New Directions in Neutrino Physics

Note: *Refreshments are served in the SCI Lounge at 3:00PM.*
Speaker: Sam Zeller, Fermilab

When: November 12, 2019 (Tue), 03:30PM to 04:30PM (add to my calendar)
Location: SCI 109
View the poster for this event.

This event is part of the Physics Department Colloquia Series.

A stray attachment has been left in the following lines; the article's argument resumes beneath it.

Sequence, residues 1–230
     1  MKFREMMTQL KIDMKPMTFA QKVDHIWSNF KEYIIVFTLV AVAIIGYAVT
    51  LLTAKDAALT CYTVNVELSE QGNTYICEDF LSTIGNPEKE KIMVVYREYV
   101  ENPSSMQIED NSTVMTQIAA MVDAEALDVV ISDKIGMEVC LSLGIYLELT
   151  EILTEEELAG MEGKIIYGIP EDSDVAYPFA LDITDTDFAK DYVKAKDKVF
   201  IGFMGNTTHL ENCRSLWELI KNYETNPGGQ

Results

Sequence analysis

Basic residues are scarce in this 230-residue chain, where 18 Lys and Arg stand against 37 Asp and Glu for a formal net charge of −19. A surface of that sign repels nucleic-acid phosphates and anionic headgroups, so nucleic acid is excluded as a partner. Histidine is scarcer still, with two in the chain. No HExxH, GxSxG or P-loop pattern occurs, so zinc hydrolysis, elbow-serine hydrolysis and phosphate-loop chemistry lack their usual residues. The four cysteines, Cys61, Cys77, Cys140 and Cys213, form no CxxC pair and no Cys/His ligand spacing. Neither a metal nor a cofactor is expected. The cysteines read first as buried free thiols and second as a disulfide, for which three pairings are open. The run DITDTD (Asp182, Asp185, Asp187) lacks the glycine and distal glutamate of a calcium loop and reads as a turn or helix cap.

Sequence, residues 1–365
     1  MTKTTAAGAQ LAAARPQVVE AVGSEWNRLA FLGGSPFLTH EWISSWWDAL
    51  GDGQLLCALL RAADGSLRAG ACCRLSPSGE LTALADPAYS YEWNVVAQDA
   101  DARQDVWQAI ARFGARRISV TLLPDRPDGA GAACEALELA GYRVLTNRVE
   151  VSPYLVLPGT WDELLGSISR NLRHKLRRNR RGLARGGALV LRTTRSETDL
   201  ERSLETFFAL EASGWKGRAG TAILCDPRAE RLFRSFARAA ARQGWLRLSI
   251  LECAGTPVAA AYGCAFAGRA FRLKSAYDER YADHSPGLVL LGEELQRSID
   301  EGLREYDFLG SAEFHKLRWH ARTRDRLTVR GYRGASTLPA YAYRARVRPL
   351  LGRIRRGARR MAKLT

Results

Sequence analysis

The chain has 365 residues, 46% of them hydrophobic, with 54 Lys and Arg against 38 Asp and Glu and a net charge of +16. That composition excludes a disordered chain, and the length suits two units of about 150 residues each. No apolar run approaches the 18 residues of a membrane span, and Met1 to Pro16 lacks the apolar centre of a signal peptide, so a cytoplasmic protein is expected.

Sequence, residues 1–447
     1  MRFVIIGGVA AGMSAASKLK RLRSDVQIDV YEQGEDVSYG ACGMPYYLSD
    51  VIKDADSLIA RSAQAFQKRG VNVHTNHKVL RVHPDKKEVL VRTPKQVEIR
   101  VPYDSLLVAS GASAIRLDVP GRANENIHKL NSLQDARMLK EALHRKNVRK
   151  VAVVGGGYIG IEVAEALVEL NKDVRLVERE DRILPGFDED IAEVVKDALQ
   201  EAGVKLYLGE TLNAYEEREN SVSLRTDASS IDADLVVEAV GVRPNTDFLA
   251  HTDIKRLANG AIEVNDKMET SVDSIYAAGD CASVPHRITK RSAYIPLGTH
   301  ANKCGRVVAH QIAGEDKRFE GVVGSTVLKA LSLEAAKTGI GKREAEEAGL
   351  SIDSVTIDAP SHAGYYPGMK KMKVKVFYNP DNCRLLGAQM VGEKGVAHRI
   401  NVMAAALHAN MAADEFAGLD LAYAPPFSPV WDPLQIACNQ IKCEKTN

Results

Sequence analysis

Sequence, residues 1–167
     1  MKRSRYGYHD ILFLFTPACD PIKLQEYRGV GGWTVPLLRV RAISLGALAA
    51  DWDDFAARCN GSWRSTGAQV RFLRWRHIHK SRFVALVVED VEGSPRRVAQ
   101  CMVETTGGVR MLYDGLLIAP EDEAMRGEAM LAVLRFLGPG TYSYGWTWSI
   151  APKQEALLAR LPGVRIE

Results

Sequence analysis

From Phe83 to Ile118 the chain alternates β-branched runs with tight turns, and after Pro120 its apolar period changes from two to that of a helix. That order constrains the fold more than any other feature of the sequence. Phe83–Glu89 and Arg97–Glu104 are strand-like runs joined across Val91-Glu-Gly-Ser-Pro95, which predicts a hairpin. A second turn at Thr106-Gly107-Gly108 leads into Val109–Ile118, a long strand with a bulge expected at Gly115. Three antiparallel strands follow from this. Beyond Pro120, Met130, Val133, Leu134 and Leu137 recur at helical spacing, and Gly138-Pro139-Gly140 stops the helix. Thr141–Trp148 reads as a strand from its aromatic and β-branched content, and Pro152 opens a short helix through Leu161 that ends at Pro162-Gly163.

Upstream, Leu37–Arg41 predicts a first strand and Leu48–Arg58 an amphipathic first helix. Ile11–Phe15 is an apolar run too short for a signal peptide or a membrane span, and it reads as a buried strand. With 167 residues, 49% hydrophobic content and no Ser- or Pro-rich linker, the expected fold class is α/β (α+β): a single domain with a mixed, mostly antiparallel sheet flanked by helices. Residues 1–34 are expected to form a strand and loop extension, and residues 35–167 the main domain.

Neutrinos are among the most abundant particles in the universe and they influence an enormous range of physics. Neutrinos allow us to search for new forces of nature, they measure the composition of the earth’s crust, they tell us how the sun works, and they allow us to peer into the inner workings of a supernova explosion. Despite all that we have learned from these special particles, there remains a surprising amount of information we still do not know about neutrinos themselves. This talk will examine the open questions in neutrino physics, explain why these questions are interesting, and discuss plans for answering them in future experiments. These future plans including sending beams of neutrinos from Fermilab across both short and long distances to study their oscillatory behavior. The coming years promise to be very exciting as we move in new directions to better understand these unique subatomic particles and their connections to the world we live in.